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Looking for Signs

Amy Hempel
Amy Hempel
Vicki Topaz
Evan Harris

“Sing to It”

Amy Hempel

Scribner, $25

The newly published short-story volume “Sing to It” represents Amy Hem­pel’s sixth book of stories (including “The Collected Stories of Amy Hem­pel”); her work has been widely published in journals and magazines and frequently anthologized over the course of a decades-long career. Ms. Hempel has long inhabited the short-story form, and with the new volume she creates new room for herself there, building and defining fresh arenas out of the strange, the intense, the ethereal, the elliptical, the staggeringly concrete, and plenty of white space on the physical page. 

The first 14 pieces in “Sing to It” range in length, from half-page flash fictions and one and two-page short short stories to several longer works, though these are also compact. “The Orphan Lamb,” just four paragraphs in total, is an account of a revealing memory, the relationship between teller and listener complex and perhaps menacing. “Fort Bedd,” a page and a half, is the account of a darkened experience, the who and why obscure, and a reach toward breathing space.

Ms. Hempel is making artifact-like texts that need fear no spoiler: They cannot be easily summarized (see wide of the mark — or possibly too narrow — attempts above), and certainly not paraphrased. Their plots are tied to language so that it is impossible to comprehend them outside the thrall of Ms. Hempel’s meticulous choice of every single word. These micro and brief lengths are individually and collectively absorbing, challenging in their brevity. Prepare to connect the dots.

The standout here is “A Full-Service Shelter,” one of the several longer stories in the first half of the collection. This piece originally appeared in Tin House and was chosen for “The Pushcart Prize XXXVIII” (gratifying to those who appreciate local muscle). Here is a soulful ode to overnight volunteers at a city dog shelter, a song to the compassion and humanity, sacrifice (not regarded as such), and compulsion that steer and sustain those who do this work. 

The piece is built around a haunting refrain, “They knew me as one,” sometimes shifted to “They knew us as the ones” (the phrase is excised from a killer sentence — “They knew me as one who shot reeking crap out of cages with a hose,” from Leonard Michaels’s 1975 hard-hitting litany of a short story “In the Fifties”). The refrain becomes a driving engine to the agonizing specificity, one expression after another, of what is known: the acts of kindness, fierce attachment, and sense of mission of the volunteers on behalf of the dogs, some of whom are slated to be killed by lethal injection.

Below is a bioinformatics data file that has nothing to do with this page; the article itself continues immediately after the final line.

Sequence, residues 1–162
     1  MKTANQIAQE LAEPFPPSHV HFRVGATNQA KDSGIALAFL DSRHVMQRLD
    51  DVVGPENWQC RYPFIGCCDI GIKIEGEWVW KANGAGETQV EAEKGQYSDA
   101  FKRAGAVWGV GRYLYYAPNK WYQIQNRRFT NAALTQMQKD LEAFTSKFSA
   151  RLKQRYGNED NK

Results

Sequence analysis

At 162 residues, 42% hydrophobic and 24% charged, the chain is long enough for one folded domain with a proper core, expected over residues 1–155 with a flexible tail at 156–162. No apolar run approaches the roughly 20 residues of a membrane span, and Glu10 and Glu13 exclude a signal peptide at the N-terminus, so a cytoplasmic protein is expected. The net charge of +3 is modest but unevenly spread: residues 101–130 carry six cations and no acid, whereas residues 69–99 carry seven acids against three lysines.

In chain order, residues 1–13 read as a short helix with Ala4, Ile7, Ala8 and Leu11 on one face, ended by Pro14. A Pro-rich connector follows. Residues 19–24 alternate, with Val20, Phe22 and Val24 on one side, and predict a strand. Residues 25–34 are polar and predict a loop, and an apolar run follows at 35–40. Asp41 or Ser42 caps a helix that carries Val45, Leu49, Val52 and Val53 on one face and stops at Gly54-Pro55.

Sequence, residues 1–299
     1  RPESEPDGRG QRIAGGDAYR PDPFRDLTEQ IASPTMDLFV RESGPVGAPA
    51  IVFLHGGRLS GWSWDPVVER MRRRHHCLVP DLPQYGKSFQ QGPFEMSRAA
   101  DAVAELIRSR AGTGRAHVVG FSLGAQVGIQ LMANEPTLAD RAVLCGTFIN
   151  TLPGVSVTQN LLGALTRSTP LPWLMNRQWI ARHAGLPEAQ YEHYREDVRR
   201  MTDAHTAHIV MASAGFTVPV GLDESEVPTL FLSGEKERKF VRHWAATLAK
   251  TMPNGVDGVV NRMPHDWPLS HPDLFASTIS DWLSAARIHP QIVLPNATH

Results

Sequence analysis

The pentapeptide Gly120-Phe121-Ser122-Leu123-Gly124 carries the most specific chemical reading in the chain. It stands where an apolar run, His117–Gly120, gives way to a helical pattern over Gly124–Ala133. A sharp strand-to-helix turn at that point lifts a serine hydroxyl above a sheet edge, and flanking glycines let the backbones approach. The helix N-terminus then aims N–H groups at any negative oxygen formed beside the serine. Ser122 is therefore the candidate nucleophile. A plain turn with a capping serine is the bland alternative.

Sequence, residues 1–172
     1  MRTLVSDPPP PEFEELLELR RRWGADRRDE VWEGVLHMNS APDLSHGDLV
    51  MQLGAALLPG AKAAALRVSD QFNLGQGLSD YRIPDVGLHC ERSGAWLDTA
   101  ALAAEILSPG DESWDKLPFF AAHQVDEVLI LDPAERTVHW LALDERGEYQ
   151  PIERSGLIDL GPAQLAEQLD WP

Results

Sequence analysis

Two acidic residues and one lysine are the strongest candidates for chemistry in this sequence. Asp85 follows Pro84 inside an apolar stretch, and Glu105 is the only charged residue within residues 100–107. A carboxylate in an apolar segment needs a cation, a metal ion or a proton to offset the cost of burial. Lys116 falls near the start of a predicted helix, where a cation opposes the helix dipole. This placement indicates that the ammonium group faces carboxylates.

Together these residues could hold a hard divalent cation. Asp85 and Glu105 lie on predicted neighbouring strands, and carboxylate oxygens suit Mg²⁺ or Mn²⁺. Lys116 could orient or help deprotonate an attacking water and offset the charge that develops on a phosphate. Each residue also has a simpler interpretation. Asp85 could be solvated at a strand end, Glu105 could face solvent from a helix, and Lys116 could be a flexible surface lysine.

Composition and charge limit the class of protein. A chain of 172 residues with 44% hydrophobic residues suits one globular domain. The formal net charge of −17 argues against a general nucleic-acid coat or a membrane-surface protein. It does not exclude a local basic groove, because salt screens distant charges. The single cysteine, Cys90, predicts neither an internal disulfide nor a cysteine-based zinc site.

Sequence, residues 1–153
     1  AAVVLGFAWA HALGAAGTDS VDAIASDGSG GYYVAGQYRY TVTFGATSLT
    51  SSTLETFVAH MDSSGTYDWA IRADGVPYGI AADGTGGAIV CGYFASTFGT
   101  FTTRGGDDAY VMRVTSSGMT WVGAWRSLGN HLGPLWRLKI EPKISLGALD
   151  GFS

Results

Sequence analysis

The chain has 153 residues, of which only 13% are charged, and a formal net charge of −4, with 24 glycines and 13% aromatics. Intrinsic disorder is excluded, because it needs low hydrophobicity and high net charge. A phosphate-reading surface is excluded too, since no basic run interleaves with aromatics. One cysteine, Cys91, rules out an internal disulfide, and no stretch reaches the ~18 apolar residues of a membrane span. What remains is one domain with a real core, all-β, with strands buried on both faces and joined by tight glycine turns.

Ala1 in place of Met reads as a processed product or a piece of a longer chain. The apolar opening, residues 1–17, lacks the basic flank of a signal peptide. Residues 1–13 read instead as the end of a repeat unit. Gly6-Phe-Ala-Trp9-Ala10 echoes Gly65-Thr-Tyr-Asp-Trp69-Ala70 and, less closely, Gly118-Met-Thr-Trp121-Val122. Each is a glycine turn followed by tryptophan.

“They knew me as one who decoded the civic boast of a ‘full-service’ shelter, that it means the place kills animals, that the ‘full service’ offered is death.”

Ms. Hempel develops and sustains a sense of urgency around what it is to connect and to love. Every sentence says it all. Combined, they say that you can never cover everything, never do enough, and that we are all in it together. There’s mastery here.

The second half of the volume is occupied by “Cloudland,” a long story, almost a novella. This piece is put together in short, fragmentary sections, and unfolds in a seeking first-person narration. The fragmentary structure and feel of singular observation, along with a sense of both lurking and impending loss, offer reminiscence of Renata Adler’s experimental novel of voice “Speedboat” (1976), though Ms. Adler’s protagonist runs at a much higher burn than Ms. Hempel’s narrator, unnamed as in her other works. 

The reader finds the narrator of “Cloudland” working as a home health aide in Florida, having left her 20-year teaching career in New York: “I had gone off the tracks.” The facts and shape of her past and her present situation come out as she winds among memory and observation, her tone simultaneously engaged and detached. She asks interesting questions that turn into wise statements; she is articulate, points out ironies. She tells you all kinds of things but still seems mysterious.

“What if you are the last one standing when others have left the concert, the theater, the crime-addled city, the busted love affair? What if you look for a sign and a sign doesn’t come. Or a sign comes but you miss it. What if you have to make a decision on your own and it feels like a body blow, falling back on yourself.”

The evocative cover art for “Sing to It” is apt: the face of a woman in simplified profile, with the silhouette of a songbird settled to serve as the woman’s delicately lidded eye. A bird’s-eye view, yet observing from the home of the self.

Evan Harris is the author of “The Quit.” She lives in East Hampton.

Amy Hempel lives in Hampton Bays. She teaches in the M.F.A. program in creative writing and literature at Stony Brook Southampton, where she will read from her new book on Wednesday at 7 p.m.

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